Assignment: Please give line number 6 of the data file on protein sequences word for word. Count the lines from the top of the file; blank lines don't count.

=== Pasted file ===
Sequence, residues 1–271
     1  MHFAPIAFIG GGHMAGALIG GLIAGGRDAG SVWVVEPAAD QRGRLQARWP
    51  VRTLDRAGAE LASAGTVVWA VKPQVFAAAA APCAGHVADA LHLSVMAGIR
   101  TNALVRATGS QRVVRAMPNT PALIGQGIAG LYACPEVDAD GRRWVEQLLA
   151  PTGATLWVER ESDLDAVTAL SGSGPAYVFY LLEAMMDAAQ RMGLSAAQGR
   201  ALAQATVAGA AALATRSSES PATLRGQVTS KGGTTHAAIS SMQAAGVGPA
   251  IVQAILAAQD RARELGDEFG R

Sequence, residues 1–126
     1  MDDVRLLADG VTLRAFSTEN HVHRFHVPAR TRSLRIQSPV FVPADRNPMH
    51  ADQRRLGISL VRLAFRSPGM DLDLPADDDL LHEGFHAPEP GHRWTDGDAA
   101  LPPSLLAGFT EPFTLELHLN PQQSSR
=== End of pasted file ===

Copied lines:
   201  ALAQATVAGA AALATRSSES PATLRGQVTS KGGTTHAAIS SMQAAGVGPA